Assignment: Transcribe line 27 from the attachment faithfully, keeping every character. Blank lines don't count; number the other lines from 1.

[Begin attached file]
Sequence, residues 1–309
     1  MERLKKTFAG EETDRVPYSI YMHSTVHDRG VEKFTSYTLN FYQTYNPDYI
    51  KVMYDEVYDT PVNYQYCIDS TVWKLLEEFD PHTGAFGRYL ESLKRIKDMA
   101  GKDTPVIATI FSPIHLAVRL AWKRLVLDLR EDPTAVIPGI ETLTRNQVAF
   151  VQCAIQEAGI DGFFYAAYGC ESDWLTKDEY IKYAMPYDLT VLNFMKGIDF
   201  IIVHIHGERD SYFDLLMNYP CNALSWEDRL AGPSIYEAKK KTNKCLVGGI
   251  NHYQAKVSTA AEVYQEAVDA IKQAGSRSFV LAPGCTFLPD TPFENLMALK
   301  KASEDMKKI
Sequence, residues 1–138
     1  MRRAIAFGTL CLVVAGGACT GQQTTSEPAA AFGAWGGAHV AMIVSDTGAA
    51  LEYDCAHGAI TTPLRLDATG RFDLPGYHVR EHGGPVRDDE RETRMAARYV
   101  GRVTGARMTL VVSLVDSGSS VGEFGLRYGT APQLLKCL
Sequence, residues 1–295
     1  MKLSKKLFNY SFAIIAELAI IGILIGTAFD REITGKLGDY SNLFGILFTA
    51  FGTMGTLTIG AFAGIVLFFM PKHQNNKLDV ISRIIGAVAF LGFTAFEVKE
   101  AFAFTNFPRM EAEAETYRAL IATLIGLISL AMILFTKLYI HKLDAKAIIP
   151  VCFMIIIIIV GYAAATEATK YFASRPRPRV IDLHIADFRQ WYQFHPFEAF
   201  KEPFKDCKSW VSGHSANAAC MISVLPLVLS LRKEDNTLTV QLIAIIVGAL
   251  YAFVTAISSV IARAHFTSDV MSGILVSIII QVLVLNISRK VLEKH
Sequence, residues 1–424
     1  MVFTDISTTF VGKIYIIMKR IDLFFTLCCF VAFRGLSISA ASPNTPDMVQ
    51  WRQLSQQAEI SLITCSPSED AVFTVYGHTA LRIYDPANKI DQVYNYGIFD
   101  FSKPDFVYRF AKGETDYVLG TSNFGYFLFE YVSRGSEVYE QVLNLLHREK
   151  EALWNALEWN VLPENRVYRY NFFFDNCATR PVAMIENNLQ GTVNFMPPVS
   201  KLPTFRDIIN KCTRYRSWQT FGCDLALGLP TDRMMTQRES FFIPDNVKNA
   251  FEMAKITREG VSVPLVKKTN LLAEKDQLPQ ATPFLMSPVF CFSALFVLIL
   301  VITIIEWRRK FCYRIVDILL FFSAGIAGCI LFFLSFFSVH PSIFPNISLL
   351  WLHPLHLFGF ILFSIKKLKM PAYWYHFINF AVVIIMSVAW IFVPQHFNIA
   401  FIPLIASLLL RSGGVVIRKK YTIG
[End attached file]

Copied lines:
   301  VITIIEWRRK FCYRIVDILL FFSAGIAGCI LFFLSFFSVH PSIFPNISLL